September 15, 2014

Braves Shouldn’t Try to Change Who Simmons Is Offensively

Andrelton Simmons is having an offensive season on par with B.J. Upton’s awful season.  Through Friday, Simmons has a 73 OPS+ while B.J. has a 72 OPS+.  Of course Simmons is an elite defender at shortstop, so his value is higher, but there’s no question Simmons has been downright awful at the plate, even for an elite defensive shortstop.

Simmons is tough to strikeout, he doesn’t walk much, but he has solid power.  He hit 17 homeruns last season.  He’s not hitting for much power this year.  He has 7 homeruns and a .331 slugging percentage.  If a pitcher made a mistake last season, he would run into a few homeruns but he’s always been the type to make a lot of contact and a lot of contact that leads to outs, given his .297 career on-base percentage.  This year his on-base percentage is .286, but even last year he posted an on-base percentage of just .296.

As you who are reading this know, Simmons is one of the best defensive players in baseball.  If he keeps it up, he could be one of the best defensive players of all-time.  Even this season, with his terrible hitting, Baseball-Reference has him at 2.8 WAR and Fangraphs has him at 1.9 WAR, and that’s with his defense also down a bit from last season, according to the metrics.  So Simmons is still providing solid value, according to all the indicators.

There’s been some chatter about Simmons shortening his swing in order to improve his offense.  He appears to swing out of his shoes often.  But I’m not sure if this is the way to go.  Simmons is a great contact hitter but doesn’t seem to have great pitch recognition, at least in terms of taking pitches he can’t barrel and swinging at the ones he can.  He swings a lot and makes contact a lot but he doesn’t get on base at a high rate, indicating he swings at pitches that often lead to contact outs.  If Simmons shortens his swing to try to become more like a Martin Prado or an Edgar Renteria, it might just make matters worse, leading to more weak contact on pitches that he can crush.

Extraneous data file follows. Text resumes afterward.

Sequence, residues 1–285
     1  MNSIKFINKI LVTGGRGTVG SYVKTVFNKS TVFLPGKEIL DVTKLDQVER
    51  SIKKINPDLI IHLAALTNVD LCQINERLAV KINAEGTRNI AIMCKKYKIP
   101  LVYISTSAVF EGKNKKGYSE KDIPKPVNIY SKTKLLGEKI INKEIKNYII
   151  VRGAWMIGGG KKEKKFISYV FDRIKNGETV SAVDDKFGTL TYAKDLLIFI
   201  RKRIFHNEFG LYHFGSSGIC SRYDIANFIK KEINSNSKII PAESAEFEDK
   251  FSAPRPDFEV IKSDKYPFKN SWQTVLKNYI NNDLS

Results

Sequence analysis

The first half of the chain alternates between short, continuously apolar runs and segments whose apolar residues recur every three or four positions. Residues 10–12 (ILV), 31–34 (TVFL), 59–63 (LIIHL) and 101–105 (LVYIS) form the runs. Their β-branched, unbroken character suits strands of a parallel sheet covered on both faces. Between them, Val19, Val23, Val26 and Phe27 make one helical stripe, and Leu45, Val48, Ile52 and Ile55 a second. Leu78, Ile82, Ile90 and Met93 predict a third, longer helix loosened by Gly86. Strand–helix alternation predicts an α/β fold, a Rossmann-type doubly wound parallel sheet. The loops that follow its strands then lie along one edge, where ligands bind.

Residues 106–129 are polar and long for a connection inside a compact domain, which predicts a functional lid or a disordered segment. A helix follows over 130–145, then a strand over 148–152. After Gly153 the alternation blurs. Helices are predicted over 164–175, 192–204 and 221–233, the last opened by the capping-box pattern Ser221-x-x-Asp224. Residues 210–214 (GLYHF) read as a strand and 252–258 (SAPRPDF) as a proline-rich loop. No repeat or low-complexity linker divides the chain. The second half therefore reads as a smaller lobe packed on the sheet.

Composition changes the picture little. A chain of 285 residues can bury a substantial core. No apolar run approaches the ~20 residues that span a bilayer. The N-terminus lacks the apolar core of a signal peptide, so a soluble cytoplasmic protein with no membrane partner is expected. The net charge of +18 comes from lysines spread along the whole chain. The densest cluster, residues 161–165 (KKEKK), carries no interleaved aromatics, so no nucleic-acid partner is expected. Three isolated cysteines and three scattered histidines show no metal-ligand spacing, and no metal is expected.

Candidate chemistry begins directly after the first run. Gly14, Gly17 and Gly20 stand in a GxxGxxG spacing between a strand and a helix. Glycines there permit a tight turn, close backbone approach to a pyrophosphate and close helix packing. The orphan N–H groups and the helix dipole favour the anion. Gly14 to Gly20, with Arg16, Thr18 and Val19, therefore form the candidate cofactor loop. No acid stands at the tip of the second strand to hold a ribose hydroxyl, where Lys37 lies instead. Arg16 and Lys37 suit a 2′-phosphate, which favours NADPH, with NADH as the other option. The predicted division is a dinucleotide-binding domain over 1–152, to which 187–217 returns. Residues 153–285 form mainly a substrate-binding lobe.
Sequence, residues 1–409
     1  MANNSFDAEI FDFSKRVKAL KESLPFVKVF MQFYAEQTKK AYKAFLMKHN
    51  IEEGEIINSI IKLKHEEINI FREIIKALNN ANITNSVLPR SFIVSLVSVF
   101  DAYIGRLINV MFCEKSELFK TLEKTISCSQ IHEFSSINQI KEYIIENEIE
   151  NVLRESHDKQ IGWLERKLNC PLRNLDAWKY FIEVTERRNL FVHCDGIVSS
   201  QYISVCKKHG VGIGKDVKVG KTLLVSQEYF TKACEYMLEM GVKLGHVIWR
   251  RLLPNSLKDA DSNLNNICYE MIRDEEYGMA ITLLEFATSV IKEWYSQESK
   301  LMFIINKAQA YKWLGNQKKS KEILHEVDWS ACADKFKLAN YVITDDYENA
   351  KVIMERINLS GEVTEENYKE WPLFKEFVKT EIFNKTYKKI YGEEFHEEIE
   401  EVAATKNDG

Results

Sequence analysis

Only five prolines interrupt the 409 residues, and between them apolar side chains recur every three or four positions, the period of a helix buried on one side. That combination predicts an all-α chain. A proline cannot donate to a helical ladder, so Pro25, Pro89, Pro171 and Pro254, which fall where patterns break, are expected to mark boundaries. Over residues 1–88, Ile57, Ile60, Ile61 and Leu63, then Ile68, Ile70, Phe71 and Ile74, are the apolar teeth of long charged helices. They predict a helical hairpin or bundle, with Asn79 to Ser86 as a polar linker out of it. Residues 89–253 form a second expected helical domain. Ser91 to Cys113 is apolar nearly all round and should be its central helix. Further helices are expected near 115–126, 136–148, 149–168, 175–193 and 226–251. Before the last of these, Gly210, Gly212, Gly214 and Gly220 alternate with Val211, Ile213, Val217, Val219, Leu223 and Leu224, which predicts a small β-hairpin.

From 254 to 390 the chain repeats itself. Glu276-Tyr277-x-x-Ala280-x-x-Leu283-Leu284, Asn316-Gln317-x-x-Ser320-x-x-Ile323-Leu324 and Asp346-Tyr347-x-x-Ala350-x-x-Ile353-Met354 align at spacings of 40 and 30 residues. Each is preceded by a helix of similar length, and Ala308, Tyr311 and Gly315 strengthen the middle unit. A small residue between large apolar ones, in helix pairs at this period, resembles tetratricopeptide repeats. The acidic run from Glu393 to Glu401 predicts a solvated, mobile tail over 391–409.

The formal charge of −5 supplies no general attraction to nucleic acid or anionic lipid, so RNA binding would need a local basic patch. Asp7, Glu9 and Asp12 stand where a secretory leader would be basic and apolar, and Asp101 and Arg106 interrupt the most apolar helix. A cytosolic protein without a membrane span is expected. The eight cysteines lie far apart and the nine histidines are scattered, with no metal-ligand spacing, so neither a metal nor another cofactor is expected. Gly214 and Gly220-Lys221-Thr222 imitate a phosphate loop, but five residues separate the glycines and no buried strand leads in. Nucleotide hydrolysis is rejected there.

It seems the best approach for Simmons would be to swing less while still trying to crush the hittable pitches.  If he swung less at pitches he can’t barrel, he may draw more walks, avoiding more outs, while still hitting for some power.  The problem is that he may not have the pitch recognition to do this without running the risk of swinging at the wrong pitches and letting the right ones go by.  A lot of pitch recognition probably can’t be learned or unlearned by the time a guy is in the majors.

The Braves have a great defensive player in Simmons but they may have to deal with seasons like his 2014.  Obviously they should work towards improvement but to try to make him a different hitter is probably a mistake.  Power is the only good aspect of Simmons’ offensive game.  He’s not a great hitter, in terms of what scouts call the hit tool.  He doesn’t draw a lot of walks.  He does make a lot of contact but it’s a lot of weak contact to go along with the power.  To change his approach in an attempt to hit the ball to the right side and try to hit ’em where they ain’t, might just zap his one strength as a hitter.

 

 

 

2 Responses to “Braves Shouldn’t Try to Change Who Simmons Is Offensively”

  1. 1
    Tyler Says:

    Is take less home runs for a higher average and on base percentage any day.

  2. 2
    Shaun Says:

    I think the issue is he doesn’t have the hit tool to hit for much average and doesn’t walk enough and hit well enough to post a high on-base percentage. Offensively he’s going to live and die with the long ball. Trying to change that too much could mean even more contact outs.

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